Are you looking for a caregiver? Whether you need minimal support or you need someone full-time, it can seem daunting to find the right person. It’s time-consuing to search for and interview private caregivers before you hire them. When you rely on the state, you don’t always have a say in who you get since availability is often limited.
Regardless, there are ways to find the right caregiver, and the following tips will help you find someone who can best meet your needs.
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1. Hire a friend or family member
The first and most obvious choice for a caregiver will be your friends and family. Chances are, you already have some help, but if you’re looking for more caregiving services, it’s probably not enough. However, there are ways to get friends and family to help more often.
One way is to hire them through the state. For example, in Missouri, FreedomCare helps eligible Medicaid recipients get in-home care from their loved ones while paying them for their work, just like any other caregiver.
When your friends and family want to help but can’t afford to take time off work, getting paid to care for you could make it work. Most states have this type of program and if you’re not sure where to start, contact your local Agency on Aging to get more information.
Of course, if you have the funds to pay people out of pocket, that will help you get a caregiver(s) you really connect with, whether it’s a friend, family member, or private caregiver.
2. Test abilities during the interview
If you need help being transferred from one place to another, like from the bed to the toilet or shower, make sure you test every caregiver you consider for the job. Although transfers are part of every caregiver’s training, not everyone can do it well. It’s not always about strength, but strength and size do help when you need a higher level of assistance. For instance, if you can’t stand on your own at all, you might need a stronger, bigger caregiver.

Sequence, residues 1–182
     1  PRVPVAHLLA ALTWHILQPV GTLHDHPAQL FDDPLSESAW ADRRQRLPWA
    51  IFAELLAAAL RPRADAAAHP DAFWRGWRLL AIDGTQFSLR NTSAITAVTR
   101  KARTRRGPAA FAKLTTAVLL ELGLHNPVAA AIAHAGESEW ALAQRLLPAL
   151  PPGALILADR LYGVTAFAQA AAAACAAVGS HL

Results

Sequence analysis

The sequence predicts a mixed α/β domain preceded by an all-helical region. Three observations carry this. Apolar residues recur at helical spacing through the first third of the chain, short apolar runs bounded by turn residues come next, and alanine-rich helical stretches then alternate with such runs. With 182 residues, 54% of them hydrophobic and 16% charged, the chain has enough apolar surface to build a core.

When you interview caregivers, have a friend or family member with you and ask the caregiver if they feel comfortable assisting you with the transfers you need. Have them demonstrate their ability on the spot. If they struggle or are too timid, move on to the next option.
3. Look for good communication skills
A caregiver’s ability to communicate is measured solely by how well their communications are received. Caregivers need to be able to communicate in a way that is easily understood. If you struggle to understand your caregiver’s instructions or basic communications, you’ll only end up frustrated.
When you interview potential caregivers, pay close attention to how easily the conversation flows and if things feel easy and light, they might be a good match for you. If you feel resistance or you struggle to understand them, move to the next candidate.
4. Make sure you interview qualified people
Caregiving needs vary and it’s important to make sure you interview the right people. For instance, if you need someone to administer medication (other than arranging your prescription pills), you’ll need someone with a medical license, like a Registered Nurse (RN). Standard caregivers and even CNAs won’t be able to provide services like setting up medical equipment, changing dressings, and monitoring infections.
If you need medical assistance, make sure you interview RNs and always verify their credentials. If you hire them through a reputable organization, you won’t have to worry about that because the organization will have already verified their credentials before referring them to you.
5. Find someone you can chat with
Caregiving does get quite personal at times, so it’s important to find someone you can chat with. If you can find someone you can laugh with, that’s even better. When you feel connected to the person caring for you, you’ll have an easier time letting them help you with bathing and going to the toilet. You’ll also feel better because you’ll have a good time with them. You might even find someone who shares your hobbies and interests.
Choose your caregiver(s) with intention
You’ll be relying on your caregiver for a lot of support, so make sure you choose them with intention. Don’t just hire the first person you find, unless you’re desperate for help and plan on replacing them if they don’t work out. However, if possible, hire the right people from the start and don’t hire anyone you feel uncomfortable around.